One of the most enjoyable aspects of Portugal was the cuisine, both rustic and haute. And hardcore foodies will find a plethora of places to make them happy in Portugal. During the Wine Pleasures tour we were treated to dishes featuring the best local ingredients inventively presented. One of the most impressive meals by far was the eight course, ten wine lunch at DOC, one of the top rated restaurants in Portugal under the direction of Chef Rui Paula.

DOC is perched on a pier above the Douro river with expansive views from every seat in the house. But trust me you won't be looking at the view if you dine there, all your attention will be riveted to your plate.

Filipe José Carvalho, Lara Dunston, Me

Ms. Dunston pictured above is an experienced professional, a Goddess of Perpetual Indulgence, able to clean every plate and empty every glass placed before her. Here she smiles, and offers to school me in her ways.

My pictures were taken with my phone camera so not the best representation of the artistry of the dishes. But you can visit GranTourismoTravels for some excellent photos of this meal.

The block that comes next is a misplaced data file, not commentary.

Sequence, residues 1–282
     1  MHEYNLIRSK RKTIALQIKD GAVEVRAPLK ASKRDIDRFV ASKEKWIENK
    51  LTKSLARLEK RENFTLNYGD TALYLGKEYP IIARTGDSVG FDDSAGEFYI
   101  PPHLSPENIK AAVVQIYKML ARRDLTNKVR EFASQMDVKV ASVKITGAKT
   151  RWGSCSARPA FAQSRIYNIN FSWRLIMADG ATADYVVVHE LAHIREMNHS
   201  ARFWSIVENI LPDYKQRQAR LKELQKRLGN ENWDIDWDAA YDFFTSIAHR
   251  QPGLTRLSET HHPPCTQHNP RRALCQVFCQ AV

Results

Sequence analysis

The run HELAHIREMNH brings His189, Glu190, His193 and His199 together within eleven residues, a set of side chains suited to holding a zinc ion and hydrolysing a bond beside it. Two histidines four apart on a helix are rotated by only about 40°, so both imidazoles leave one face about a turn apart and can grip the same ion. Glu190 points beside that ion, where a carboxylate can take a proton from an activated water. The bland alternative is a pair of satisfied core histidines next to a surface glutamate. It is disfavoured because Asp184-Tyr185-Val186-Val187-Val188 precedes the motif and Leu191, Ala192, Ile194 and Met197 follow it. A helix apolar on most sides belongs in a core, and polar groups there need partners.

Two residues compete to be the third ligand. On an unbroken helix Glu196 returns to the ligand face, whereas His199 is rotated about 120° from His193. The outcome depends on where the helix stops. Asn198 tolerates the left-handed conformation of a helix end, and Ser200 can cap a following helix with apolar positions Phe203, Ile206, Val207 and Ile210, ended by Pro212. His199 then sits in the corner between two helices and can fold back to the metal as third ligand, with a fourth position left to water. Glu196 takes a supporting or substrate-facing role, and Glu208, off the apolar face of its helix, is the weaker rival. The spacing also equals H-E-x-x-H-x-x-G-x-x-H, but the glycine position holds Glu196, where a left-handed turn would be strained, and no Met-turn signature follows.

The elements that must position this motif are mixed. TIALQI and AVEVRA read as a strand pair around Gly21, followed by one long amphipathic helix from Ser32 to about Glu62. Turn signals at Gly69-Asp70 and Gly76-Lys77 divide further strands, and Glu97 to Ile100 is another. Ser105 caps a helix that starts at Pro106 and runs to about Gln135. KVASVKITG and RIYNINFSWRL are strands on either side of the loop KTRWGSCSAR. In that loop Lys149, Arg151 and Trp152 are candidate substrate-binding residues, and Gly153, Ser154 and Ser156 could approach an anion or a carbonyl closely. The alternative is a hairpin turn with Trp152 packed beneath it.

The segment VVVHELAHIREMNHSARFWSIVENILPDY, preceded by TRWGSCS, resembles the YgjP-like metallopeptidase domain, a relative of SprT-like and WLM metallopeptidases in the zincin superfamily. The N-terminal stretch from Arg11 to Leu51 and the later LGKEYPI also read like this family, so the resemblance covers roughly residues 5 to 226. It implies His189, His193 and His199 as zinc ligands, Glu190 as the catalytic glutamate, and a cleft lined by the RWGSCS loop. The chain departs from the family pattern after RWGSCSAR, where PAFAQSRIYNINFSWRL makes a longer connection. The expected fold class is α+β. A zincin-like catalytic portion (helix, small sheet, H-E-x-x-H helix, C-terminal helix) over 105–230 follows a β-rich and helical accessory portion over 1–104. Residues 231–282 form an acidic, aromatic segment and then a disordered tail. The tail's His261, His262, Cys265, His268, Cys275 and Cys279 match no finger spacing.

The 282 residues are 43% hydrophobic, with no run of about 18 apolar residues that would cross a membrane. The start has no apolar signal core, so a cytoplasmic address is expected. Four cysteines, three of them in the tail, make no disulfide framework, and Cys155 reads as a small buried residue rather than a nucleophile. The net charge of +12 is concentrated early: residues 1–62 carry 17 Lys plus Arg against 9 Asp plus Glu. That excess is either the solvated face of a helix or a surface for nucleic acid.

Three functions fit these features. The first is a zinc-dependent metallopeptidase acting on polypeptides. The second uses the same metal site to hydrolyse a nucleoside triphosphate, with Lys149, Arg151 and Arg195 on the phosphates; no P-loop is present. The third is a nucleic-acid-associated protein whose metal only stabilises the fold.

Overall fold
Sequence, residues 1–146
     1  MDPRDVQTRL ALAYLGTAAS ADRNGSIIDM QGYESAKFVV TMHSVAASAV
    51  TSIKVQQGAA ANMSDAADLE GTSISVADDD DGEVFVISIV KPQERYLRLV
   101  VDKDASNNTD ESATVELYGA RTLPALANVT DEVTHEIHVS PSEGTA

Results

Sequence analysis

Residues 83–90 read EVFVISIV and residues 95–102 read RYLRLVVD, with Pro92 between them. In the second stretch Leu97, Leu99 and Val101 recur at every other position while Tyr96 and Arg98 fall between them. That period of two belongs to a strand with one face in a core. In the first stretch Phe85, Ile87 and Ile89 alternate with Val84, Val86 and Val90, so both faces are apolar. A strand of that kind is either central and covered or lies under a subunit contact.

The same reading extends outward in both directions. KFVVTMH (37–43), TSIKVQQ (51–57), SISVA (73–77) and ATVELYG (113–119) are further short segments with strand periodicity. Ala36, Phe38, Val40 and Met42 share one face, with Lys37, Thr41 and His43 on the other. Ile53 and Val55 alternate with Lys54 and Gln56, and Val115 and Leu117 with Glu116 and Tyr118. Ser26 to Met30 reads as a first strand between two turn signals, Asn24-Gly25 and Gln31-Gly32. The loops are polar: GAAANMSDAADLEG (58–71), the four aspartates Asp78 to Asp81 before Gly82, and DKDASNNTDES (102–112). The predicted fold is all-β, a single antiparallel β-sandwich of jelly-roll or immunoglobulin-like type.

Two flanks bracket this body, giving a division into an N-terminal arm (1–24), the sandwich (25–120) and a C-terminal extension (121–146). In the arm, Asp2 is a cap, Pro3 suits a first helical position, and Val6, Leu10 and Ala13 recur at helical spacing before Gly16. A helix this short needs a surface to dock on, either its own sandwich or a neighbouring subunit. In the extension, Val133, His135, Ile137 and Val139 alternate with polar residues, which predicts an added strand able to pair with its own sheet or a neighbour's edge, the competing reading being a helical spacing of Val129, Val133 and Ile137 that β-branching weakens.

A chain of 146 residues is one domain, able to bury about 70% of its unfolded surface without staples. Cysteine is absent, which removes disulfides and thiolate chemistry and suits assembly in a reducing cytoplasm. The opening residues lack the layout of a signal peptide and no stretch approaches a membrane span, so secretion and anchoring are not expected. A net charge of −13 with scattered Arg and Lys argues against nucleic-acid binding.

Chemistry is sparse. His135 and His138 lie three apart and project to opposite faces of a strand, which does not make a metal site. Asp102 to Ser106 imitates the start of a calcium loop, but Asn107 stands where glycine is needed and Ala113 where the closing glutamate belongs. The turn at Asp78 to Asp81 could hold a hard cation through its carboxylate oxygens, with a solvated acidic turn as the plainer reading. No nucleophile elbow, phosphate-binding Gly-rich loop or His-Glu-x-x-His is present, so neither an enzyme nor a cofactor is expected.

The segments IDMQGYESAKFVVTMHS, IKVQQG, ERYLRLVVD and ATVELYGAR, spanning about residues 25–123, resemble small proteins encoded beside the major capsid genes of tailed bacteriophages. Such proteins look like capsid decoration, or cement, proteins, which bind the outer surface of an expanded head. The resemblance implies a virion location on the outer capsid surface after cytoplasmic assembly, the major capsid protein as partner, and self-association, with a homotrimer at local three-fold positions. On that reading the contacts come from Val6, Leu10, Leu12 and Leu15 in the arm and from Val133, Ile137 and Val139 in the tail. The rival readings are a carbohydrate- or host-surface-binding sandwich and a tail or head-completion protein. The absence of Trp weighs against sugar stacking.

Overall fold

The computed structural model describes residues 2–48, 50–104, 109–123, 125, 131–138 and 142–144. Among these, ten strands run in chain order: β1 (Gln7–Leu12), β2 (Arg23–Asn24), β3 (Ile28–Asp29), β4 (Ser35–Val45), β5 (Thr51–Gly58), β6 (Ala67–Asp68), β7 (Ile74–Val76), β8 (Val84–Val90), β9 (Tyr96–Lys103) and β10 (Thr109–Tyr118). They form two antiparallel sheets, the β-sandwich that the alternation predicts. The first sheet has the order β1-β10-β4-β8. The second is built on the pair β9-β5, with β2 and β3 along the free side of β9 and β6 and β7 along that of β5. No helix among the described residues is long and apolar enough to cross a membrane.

First up: A flatbread with a foam of parmesan vegetable cream in a shot glass. Wine: Alvarinho Vinho Verde

2nd: Pomegranate & octopus carpaccio salad. Wine: Rose Quinta da Revolta

3rd: Blood sausage on olive oil cake with a red wine reduction

4th: Sea Bass with wild rice and asparagus. Wine: Atalya Branco

5th: Bisaro Pork Neck slow cooked for 12 hours at 72 degrees celsius with a chestnut reduction. Wine: Rui Paula Grande Reserva

6th: Emulsion of Mango and Strawberry

7th: Apple and almond Gratin cake with honey apple, cinnamon vanilla ice cream. Wine: Rozes 10 year Tawny

8th: Goat Cheese Samosa with Honey and Cottage cheese ice cream and Pumpkin jelly. Wine: Ruby Niepoort Port

I gave Lara's complete indulgence approach my best shot, but I was no match for her prowess. Pacing was my strategy. We'd already tasted over 20 Ports, wines and moscatels before arriving at DOC and in less than three hours time, we would be off to yet another wine pairing. So I wanted to savor the DOC experience and linger in the warm glow of a fine meal as long as possible.

Next year I will seek some intensive one-on-one indulgence training and coaching prior to the conference in Umbria!


Related Posts Plugin for WordPress, Blogger...